The testimony reveals that early in the spring of 1935, the Board of Supervisors of Glenn County desired to change the personnel of the welfare agency of the county. Two of the members of the Board of Supervisors called upon respondent at his home.

They explained to him they were contemplating making a change in the welfare office and asked him to take that department at a salary of $100 per month and traveling expenses. They also told him they would like to have him act as purchasing agent but there was no money in the budget to employ a purchasing agent and such office could not be set up until after July 1, 1935, at which time he would be appointed to that position also. Mr. Barry accepted.

From the fact that these various proceedings were all had and done by the supervisors at the same time would seem to indicate it was the plan to name plaintiff relief agent, and to create the position of purchasing agent as of March 13th, and to combine the two positions to become effective on March 13, 1935, and that plaintiff was to assume the duties of purchasing agent upon March 13th. [42 Cal. App. 2d 80]

Nothing seemed to have been done by Barry in regard to the collection of salary as purchasing agent for the time prior to July 1, 1935, until after he was discharged by the Board of Supervisors on December 13th. He then presented claims to the board for salary for his services as purchasing agent for part of March and for the full months of April, May and June as stated before. Just when these claims were presented to the board does not appear. This question of time becomes material as to whether or not this action was brought within the time prescribed by law.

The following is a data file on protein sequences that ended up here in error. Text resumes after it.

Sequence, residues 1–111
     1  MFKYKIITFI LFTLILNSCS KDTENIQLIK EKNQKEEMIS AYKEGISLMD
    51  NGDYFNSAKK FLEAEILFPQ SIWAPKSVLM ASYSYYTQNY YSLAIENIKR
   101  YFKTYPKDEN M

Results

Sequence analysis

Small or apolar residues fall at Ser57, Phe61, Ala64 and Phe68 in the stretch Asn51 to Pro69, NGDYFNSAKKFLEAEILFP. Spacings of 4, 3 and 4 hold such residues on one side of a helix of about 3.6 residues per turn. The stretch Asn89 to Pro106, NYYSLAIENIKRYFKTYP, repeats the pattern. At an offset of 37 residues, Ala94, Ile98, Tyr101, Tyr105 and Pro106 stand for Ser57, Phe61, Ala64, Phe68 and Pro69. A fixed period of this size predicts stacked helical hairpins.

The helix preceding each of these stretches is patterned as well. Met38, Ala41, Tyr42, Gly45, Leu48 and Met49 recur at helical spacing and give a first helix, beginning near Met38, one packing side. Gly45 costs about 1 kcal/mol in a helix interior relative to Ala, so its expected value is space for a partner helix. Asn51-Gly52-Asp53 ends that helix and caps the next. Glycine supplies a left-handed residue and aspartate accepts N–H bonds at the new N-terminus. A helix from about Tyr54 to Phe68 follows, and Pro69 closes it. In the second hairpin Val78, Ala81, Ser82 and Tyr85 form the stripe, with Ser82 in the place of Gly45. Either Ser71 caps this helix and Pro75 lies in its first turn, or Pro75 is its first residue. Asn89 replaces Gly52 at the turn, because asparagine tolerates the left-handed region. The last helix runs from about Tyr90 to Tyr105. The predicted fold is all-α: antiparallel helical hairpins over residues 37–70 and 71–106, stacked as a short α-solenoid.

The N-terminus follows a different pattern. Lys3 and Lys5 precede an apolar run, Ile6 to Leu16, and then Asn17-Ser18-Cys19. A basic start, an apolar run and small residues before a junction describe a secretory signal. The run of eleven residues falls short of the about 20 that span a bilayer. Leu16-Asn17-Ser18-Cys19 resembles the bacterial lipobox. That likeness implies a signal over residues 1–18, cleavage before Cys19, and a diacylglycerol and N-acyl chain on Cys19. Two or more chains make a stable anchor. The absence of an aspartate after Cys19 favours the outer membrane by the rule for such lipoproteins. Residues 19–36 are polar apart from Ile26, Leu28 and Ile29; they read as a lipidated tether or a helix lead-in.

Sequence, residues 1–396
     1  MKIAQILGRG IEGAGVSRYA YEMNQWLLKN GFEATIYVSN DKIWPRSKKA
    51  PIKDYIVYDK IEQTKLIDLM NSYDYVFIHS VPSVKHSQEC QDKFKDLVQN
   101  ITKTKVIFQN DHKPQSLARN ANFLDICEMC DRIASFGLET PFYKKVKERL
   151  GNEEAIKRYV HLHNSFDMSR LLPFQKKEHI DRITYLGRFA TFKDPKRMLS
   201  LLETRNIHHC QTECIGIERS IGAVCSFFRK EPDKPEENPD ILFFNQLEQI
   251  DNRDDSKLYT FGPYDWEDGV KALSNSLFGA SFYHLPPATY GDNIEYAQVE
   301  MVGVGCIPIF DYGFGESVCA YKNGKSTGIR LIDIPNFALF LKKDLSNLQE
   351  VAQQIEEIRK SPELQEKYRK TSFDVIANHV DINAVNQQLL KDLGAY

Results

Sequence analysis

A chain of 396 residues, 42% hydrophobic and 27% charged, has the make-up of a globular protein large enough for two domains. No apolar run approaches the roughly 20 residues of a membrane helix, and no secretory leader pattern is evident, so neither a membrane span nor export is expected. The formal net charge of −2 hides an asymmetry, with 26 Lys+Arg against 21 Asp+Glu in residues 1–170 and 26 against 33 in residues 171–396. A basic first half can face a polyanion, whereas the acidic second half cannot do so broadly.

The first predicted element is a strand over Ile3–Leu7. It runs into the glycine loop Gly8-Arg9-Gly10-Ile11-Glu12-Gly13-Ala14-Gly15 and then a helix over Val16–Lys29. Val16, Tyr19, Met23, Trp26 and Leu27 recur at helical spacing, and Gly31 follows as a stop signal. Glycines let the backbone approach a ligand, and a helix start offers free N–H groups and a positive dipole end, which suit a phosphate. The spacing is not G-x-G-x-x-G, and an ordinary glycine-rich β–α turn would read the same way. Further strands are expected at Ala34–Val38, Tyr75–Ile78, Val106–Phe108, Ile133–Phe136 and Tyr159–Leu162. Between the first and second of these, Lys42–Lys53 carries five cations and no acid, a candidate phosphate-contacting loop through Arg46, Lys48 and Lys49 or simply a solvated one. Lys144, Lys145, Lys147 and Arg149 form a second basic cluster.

[1, 2] The County of Glenn contends that these claims are barred by section 4078 of the Political Code and section 343 of the Code of Civil Procedure. Both of these claims here sued upon were filed December 31, 1935, and the complaint was filed on September 29, 1936. These statutes require an action such as this to be brought within six months after rejection by a board of supervisors, and section 4078 of the Political Code provides that if the board neglects to act on a claim, the claimant may deem the claim rejected on the ninetieth day at his option. Plaintiff's claim for $361.28 was presented to the board and was marked "Rejected W. T. Belieu D. A." Another claim for $99.11 was endorsed "Rejected W. T. Belieu D. A. Rejected, Board of Supervisors, Henry McMahon, Chairman." The date of these actions does not appear, but by the testimony of several members of the board an attempt was made to establish these dates. To this evidence objection was interposed that oral testimony was not the best evidence. Such objection was well taken and this testimony should not have been received. In 7 Cal.Jur. 448, it is said:

"The Board of Supervisors is a body with limited jurisdiction, and its jurisdiction must appear in the record of its proceedings. It cannot be bound by acts in pais; the best and only evidence of its intentions is to be drawn from its records. ...

"The Board must further cause to be kept a 'minute book', in which must be recorded all orders and decisions made, and the daily proceedings had at all regular and special meetings."

It is admitted there is no record of a vote upon these claims, nor of their rejection. Such facts cannot be established by oral evidence, and it would therefore appear that this action was filed in time, and that the plea of the statute of limitations is not well taken. [42 Cal. App. 2d 81]

[3] Another point urged by the county has to do with the provisions of section 3714 of the Political Code and the question of debt limitation as fixed by the Constitution (sec. 18, art. XI). It is the claim of defendant that there was no budget appropriation covering the salary of a purchasing agent for the fiscal year 1934-35, which in the instant case includes the period from March 13 to July 1, 1935.

It is true that section 3714 of the Political Code provides that the supervisors shall allow no claim for an amount in excess of, or not provided for in the budget, but the exception to this section reads as follows: "... except upon an order of a court of competent jurisdiction, or for an emergency, as hereinafter provided." This exception has been recognized and considered in Niceley v. County of Madera, 111 Cal. App. 731 [296 P. 306]. The court, in considering that question, there said: